Brazilian Cherry, South American Cherry, Jatoba
Afzelia, Angelique, Bilinga, Padouk, Guapinol
Central and South America, Antilles
The occurrence of Jatoba is limited to the tropical America. Its natural growing area reaches from Mexico and West India to Paraguay and Bolivia. It is mainly native in Northern Brazil – Amazon Basin – and in the countries of the Guyana shield. The trees are mostly consistently cylindrical and, therefore, very suitable for veneer production. In Central America this species is also known as “Courbaril” (Please see page 163).
In the veneer sector, Jatoba is mainly used as parquet wood and less often as furniture wood in the series furniture production. Ideal also for terrace wood due to its good resistance to fungal disease and insect infestation.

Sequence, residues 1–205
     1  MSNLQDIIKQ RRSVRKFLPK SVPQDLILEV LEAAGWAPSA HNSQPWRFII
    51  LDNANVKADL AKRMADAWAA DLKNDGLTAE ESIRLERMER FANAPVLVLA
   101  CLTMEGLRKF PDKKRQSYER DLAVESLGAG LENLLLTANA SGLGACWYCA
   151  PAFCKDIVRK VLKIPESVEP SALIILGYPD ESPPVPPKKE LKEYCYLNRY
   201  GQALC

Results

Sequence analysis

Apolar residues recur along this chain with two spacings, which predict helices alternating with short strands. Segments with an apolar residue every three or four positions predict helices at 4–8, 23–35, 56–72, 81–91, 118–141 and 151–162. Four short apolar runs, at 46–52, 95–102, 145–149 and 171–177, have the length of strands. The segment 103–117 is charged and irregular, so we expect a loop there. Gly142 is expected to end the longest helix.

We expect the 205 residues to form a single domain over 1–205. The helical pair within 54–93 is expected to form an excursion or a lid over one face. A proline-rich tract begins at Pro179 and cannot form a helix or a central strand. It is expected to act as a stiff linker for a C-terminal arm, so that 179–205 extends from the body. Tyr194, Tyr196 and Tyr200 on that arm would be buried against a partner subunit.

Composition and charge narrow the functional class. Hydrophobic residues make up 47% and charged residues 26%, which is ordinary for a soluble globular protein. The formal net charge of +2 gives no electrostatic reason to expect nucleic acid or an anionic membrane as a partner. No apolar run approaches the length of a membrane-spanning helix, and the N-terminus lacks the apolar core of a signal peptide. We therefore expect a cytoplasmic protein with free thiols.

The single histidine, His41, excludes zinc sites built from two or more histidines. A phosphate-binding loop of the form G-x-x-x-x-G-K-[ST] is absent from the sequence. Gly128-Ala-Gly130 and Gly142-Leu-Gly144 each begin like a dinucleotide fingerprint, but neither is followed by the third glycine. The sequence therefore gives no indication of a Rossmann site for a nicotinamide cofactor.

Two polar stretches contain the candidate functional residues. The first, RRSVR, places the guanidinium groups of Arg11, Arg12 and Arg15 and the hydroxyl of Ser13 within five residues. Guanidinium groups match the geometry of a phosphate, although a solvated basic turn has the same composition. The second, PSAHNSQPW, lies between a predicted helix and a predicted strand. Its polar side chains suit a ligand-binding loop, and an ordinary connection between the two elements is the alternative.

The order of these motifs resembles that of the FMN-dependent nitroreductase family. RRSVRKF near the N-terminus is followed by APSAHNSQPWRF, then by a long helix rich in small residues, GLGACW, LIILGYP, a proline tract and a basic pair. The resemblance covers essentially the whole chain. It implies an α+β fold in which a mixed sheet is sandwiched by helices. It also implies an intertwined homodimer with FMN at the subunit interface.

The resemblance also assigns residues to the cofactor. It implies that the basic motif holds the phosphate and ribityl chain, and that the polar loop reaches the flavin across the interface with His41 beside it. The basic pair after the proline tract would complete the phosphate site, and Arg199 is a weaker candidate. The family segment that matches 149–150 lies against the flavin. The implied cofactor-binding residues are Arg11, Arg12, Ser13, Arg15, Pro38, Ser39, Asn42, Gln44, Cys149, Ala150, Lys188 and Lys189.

Jatoba has an intensive reddish brown color, relatively uniform without bigger color deviations. The veneer business distinguishes between the more light brown and the more reddish types and uses one or the other color, but not mixed together.
A mechanical treatment requires a higher application of force due to the above-average hardness of this non-coniferous species. The use of sharp, hard metal tools promises relief. Jatoba can easily be sawn, sanded, drilled and turned; only planing of the wood is difficult. Pre-drilling is necessary for screws and nails.
Air drying as well as kiln drying run smoothly when straight fiber course is given and take place quickly in relation to Jatoba’s high density.
Thanks to the predominantly straight ber course, smooth, at-shining surfaces and proper edges result. Takes glaze and lacquer very well.
No difficulties known.